Some movies are remakes; others are old ideas repackaged.
What makes these films worth our dollars is not the genesis of the idea, but the execution and how they use the familiar to get us to join in and take the journey.
“Real Steel” is not an original story. Its DNA dates back to a short story by Richard Matheson in1956. That story became an episode of “The Twilight Zone” starring Lee Marvin.
Going back further, “Real Steel” owes much to a movie from 1931, “The Champ,” that starred Wallace Beery and Jackie Cooper (and that movie was itself remade in 1979 with Jon Voight and Rick Schroder).
Now it comes back again in “Real Steel.” This time, it’s the near future. Boxing between humans is outlawed, so robots box to give humans more carnage than the human pugilists could deliver.
Charlie Kenton (Hugh Jackman) is a former human fighter who now travels the back roads and back alleys betting on fighting robots.
He isn’t any good. His cockiness and brash nature continually put him in positions where he ducks out on debts. He’s a loser.
An affair 11 years prior gave Charlie a son, Max (Dakota Goyo), but Charlie is an absent father. He left mother and child to go back on the road.
The mother dies and puts Max in the position of being adopted by his aunt (Hope Davis). Charlie has a chance to sign over his parental rights, but he instead uses the crisis as a means of getting money to pay off his fighting debts.
In order for the deal with the aunt to go through, however, Charlie must keep Max over the summer.
This, of course, sets up the dynamic of a father caring for a child he doesn’t want.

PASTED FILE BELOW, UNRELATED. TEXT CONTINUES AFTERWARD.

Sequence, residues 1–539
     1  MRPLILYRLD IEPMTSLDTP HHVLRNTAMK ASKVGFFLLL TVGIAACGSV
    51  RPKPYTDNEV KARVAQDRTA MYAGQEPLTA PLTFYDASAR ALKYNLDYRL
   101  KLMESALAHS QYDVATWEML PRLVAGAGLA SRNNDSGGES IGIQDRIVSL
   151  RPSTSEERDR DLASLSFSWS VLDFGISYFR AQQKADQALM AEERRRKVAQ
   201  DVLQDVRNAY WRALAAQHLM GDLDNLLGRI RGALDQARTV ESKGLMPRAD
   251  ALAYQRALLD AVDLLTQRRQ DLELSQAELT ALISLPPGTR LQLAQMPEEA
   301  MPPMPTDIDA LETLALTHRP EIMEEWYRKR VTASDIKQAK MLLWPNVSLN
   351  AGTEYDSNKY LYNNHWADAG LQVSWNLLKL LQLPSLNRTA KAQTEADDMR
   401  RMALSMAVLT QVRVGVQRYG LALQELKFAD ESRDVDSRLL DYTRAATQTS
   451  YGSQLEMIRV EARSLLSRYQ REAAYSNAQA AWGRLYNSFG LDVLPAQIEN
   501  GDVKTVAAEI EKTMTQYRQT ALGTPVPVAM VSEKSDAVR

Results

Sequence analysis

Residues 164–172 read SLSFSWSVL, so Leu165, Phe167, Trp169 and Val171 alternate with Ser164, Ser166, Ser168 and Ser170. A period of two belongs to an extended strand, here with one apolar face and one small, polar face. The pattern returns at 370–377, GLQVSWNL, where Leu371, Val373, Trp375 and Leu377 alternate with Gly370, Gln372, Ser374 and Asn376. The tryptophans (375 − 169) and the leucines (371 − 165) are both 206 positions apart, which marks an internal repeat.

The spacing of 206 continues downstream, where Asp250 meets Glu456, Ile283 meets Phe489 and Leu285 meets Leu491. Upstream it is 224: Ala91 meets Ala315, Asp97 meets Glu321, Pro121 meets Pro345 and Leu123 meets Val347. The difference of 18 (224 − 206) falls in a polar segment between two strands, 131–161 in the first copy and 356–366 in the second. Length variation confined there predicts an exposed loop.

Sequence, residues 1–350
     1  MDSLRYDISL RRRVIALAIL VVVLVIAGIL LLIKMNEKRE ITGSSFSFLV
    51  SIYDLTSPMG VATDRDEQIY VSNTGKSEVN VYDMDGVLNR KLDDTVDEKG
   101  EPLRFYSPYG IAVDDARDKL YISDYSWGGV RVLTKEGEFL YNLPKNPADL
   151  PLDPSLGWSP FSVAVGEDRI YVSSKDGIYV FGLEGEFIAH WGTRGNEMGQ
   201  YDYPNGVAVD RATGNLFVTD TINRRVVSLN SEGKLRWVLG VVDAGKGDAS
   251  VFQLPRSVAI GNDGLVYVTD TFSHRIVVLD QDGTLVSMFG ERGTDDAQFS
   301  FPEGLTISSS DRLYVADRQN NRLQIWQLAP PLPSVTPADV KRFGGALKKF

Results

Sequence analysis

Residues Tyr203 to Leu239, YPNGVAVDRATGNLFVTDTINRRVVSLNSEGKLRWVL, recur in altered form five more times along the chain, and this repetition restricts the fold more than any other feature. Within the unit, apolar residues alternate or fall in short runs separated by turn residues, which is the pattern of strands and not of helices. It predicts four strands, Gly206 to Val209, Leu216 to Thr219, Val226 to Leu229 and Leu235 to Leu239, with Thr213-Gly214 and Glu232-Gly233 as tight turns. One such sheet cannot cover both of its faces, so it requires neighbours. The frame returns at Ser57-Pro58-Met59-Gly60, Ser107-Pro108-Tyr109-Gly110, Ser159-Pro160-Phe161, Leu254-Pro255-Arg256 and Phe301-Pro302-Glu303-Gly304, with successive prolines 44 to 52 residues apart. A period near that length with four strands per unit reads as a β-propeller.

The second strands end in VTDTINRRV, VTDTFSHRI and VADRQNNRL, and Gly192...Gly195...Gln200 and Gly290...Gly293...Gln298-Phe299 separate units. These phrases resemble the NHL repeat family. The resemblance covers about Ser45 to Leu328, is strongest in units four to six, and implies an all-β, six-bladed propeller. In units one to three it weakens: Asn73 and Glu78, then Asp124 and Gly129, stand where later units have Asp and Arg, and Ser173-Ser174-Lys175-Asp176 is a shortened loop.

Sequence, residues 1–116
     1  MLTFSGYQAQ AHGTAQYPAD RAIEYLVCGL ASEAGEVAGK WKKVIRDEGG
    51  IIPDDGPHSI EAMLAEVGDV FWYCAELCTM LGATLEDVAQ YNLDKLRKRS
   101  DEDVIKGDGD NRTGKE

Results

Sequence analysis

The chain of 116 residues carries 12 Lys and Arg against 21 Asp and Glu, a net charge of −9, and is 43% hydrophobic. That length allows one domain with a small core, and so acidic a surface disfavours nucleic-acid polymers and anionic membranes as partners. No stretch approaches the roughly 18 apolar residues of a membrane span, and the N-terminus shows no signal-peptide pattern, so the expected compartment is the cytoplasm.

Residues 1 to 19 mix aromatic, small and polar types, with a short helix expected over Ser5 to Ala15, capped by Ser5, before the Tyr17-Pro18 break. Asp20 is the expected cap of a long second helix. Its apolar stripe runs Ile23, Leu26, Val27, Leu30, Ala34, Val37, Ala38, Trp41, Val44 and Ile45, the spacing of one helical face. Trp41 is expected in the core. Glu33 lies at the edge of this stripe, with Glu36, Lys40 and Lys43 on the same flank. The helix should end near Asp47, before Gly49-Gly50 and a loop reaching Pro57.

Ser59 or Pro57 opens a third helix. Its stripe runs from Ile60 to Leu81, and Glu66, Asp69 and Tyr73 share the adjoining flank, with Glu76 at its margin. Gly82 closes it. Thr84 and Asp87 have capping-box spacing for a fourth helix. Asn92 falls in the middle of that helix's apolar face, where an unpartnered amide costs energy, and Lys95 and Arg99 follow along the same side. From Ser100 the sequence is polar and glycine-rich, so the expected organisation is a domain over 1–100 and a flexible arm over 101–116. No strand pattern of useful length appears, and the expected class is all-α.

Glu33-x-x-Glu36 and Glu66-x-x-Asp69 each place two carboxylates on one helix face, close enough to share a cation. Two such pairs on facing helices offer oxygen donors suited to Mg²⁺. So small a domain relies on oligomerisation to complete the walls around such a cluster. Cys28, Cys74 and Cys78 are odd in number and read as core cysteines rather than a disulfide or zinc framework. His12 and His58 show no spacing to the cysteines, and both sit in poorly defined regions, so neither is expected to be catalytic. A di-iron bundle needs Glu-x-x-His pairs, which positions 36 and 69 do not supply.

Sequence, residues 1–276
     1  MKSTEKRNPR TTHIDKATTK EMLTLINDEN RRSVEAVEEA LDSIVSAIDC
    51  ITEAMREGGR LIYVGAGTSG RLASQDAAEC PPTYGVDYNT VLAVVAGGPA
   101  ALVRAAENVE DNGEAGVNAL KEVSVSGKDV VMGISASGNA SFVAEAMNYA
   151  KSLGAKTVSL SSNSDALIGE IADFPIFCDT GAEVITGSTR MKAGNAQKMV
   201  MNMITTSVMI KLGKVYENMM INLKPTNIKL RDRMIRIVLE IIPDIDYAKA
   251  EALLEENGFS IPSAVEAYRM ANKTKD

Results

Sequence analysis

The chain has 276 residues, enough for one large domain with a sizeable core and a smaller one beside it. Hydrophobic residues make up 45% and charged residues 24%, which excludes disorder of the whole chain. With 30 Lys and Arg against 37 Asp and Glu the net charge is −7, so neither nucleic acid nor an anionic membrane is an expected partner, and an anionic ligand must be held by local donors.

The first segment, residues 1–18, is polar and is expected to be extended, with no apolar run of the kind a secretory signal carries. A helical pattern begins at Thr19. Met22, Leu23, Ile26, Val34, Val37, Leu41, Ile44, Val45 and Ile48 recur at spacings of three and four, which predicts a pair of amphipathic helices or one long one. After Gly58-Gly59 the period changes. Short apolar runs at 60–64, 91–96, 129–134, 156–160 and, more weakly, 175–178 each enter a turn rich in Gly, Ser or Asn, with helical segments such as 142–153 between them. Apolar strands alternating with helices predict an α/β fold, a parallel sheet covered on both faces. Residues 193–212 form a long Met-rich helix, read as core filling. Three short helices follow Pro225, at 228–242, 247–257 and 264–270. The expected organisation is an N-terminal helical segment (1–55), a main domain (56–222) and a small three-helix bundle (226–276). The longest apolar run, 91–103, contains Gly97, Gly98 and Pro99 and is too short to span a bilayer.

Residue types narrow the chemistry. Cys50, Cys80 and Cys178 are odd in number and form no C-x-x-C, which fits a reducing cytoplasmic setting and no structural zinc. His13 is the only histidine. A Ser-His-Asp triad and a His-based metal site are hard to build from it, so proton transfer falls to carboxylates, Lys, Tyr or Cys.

Charlie takes Max on the road, and while they travel Max discovers a discarded boxing robot called Atom.
Max wants to take Atom and enter him in fights, but Charlie is against it. Atom is an older fighting robot, smaller than those used currently, but Max believes in Atom.
After much arguing, Charlie agrees to get Max a fight. That’s when they discover that Atom is something special.
They work their way up the ranks and get Atom into the World Robot Boxing league, whose champion is a mammoth robot called Zeus.
See where this is headed?
There’s nothing new in “Real Steel,” just the stuff that has entertained audiences for decades: the underdog who gets the opportunity of a lifetime, and a father-son relationship with potential.
I don’t think “Real Steel” will make my top 10 list, nor do I believe it will be around at Oscar time when they read the list of best picture nominees. But that doesn’t mean “Real Steel” doesn’t do what it was made to do.
I was entertained by this movie, and so was my 15-year-old son. He’s never seen “Rocky” or “The Champ,” but that didn’t matter.
What these others had and what “Real Steel” reuses effectively make for an enjoyable afternoon at the movies.
MPAA Rating: PG-13 for some violence, intense action and brief language.
Director: Shawn Levy
Writer: John Gatins
Cast: Hugh Jackman: Charlie Kenton; Dakota Goyo: Max Kenton; Evangeline Lilly: Bailey Tallet; Hope Davis: Debra.
The movie’s website is here.
Michael Parnell is pastor of Temple Baptist Church in Raleigh, North Carolina. He is married and has two boys. His love is for movies, and he can be found in a theater most Fridays.